Tomorrow’s World: The rise of Formula 1’s next generation

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Young stars coming through the ranks of motorsport is nothing new. However, you would be hard pushed to collate a more promising and exciting set of youngsters than the class of 2017. And whilst some may be inclined to say that a falling average age on the grid is a worrying sign – these cars are far too easy to drive these days (!) – others would argue that it marks a new era for Formula 1, one that we should welcome with our own youthful exuberance.

To give you an idea of how young this year’s grid was – the average is taken from all 25 drivers that partook in a Formula 1 race at their most recent race – in 2012, we saw a median age of 29 years and 3 months; Michael Schumacher the veteran at a spritely 43, with Jean-Éric Vergne the youngest – 21 years Schumacher’s junior. The 2017 average is almost two years lower – even with Kimi Räikkönen‘s 38 years, Jenson Button‘s 37 and Fernando Alonso and Felipe Massa‘s offering of 36. What’s more, we started the season with two teenagers for the first time in Formula 1’s history.

And, as the old timers start to hang up their gloves and unplug their radios, one can only see that average falling once again.

Lando Norris – 2017 FIA Formula 3 European Champion, Second in 2017 Macau Grand Prix

Another stellar year for the Bristolian culminated in a role as McLaren’s reserve driver for 2018, as well as a seat in the FIA Formula 2 series with Carlin and the Autosport National Driver of the Year award. Not bad for a year’s work.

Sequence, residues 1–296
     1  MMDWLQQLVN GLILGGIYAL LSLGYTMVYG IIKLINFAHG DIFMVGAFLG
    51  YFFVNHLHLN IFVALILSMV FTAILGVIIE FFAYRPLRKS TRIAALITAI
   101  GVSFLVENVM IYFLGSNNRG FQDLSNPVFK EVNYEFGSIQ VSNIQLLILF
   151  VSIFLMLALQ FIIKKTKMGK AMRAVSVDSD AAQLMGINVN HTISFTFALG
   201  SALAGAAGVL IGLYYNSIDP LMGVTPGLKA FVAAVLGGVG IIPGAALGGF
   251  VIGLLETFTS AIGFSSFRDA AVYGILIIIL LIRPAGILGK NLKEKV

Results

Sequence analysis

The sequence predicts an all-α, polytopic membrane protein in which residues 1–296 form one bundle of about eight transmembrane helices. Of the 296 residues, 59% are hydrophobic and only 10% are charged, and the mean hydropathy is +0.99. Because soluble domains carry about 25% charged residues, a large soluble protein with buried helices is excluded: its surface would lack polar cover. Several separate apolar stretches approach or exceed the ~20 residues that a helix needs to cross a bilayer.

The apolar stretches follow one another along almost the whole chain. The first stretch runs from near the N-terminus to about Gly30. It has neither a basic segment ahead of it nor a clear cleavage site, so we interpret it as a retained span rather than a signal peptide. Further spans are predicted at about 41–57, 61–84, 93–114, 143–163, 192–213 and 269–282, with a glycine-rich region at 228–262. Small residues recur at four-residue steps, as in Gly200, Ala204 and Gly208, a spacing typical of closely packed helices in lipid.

On his way to the Formula 3 European Championship, the 18-year-old took nine wins in 30 rounds, along with a further 11 podiums and eight pole positions – enough to earn him a 53 point buffer over second placed Joel Eriksson by season’s end. His triumph marked a fifth championship win in three years and saw the wider world stand up and notice his huge talent.

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His team principal Trevor Carlin believes that Norris holds many of the same qualities that he saw in F1 graduates Takuma Sato, Vergne and Daniel Ricciardo; a driver who can produce big performances when it matters the most and can trouble the leaders even on a rare off day. This is down to his nature as a perfectionist.

“[Lando] is his own worst critic and, considering there’s a lot of people out there who want to slag him off, for him to be his own worst critic sums things up really,” Carlin told Autosport.

“He can just do it, but he’s not satisfied when he’s not P1.”

His drives helped Carlin recover from a dire 2016 F3 season where they finished in sixth – over 500 points adrift of champions Prema Powerteam – to second, 127 points behind the Italian powerhouse.

Norris also gathered data for McLaren in the official in-season test at the Hungaroring in August, setting the second fastest time on the second day in what was just his second taste of Formula 1 machinery. It will certainly not be his last.

George Russell – 2017 GP3 Series Champion

Another young Brit who has broken into Formula 1 via the reserve driver route, Mercedes AMG Petronas Formula One Team junior Russell won the GP3 Series at his first attempt, with four wins and an extra three podiums, clinching the crown with one round spare.

Furthermore, this came after Russell had suffered a poor opening round at the Circuit de Catalunya as he struggled to master a hand-held clutch. However, a break-through test in Hungary eased his worries and the 19-year-old never looked back.

Somewhat ironically, the Hungarian round later in the year threatened to derail his championship charge – he failed to take the start in the feature race before finishing a lowly eleventh in the sprint event. That disappointment sparked a stunning run of form, including a dominant pole and feature race win at Spa-Francorchamps.